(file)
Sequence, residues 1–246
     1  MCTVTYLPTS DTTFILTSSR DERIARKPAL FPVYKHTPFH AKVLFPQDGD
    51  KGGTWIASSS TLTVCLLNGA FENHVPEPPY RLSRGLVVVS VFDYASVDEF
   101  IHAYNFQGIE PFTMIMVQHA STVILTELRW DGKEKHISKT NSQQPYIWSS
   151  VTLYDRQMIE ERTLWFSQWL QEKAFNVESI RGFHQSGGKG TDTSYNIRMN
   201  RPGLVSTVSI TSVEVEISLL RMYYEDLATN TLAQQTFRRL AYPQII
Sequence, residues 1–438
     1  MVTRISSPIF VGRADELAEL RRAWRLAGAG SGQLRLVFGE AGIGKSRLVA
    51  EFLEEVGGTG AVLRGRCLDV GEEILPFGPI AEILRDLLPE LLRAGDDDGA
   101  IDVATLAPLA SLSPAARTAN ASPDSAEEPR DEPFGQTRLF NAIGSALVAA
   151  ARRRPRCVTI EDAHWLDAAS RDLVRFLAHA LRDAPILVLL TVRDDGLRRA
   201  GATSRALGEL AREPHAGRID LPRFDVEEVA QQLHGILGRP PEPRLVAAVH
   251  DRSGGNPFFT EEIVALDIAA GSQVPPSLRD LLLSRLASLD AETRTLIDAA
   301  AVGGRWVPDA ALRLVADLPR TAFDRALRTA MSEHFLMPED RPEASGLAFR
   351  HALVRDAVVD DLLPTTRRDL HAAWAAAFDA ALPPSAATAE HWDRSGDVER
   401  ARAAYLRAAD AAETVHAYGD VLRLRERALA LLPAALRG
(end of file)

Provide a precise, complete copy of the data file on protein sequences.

Sequence, residues 1–246
     1  MCTVTYLPTS DTTFILTSSR DERIARKPAL FPVYKHTPFH AKVLFPQDGD
    51  KGGTWIASSS TLTVCLLNGA FENHVPEPPY RLSRGLVVVS VFDYASVDEF
   101  IHAYNFQGIE PFTMIMVQHA STVILTELRW DGKEKHISKT NSQQPYIWSS
   151  VTLYDRQMIE ERTLWFSQWL QEKAFNVESI RGFHQSGGKG TDTSYNIRMN
   201  RPGLVSTVSI TSVEVEISLL RMYYEDLATN TLAQQTFRRL AYPQII
Sequence, residues 1–438
     1  MVTRISSPIF VGRADELAEL RRAWRLAGAG SGQLRLVFGE AGIGKSRLVA
    51  EFLEEVGGTG AVLRGRCLDV GEEILPFGPI AEILRDLLPE LLRAGDDDGA
   101  IDVATLAPLA SLSPAARTAN ASPDSAEEPR DEPFGQTRLF NAIGSALVAA
   151  ARRRPRCVTI EDAHWLDAAS RDLVRFLAHA LRDAPILVLL TVRDDGLRRA
   201  GATSRALGEL AREPHAGRID LPRFDVEEVA QQLHGILGRP PEPRLVAAVH
   251  DRSGGNPFFT EEIVALDIAA GSQVPPSLRD LLLSRLASLD AETRTLIDAA
   301  AVGGRWVPDA ALRLVADLPR TAFDRALRTA MSEHFLMPED RPEASGLAFR
   351  HALVRDAVVD DLLPTTRRDL HAAWAAAFDA ALPPSAATAE HWDRSGDVER
   401  ARAAYLRAAD AAETVHAYGD VLRLRERALA LLPAALRG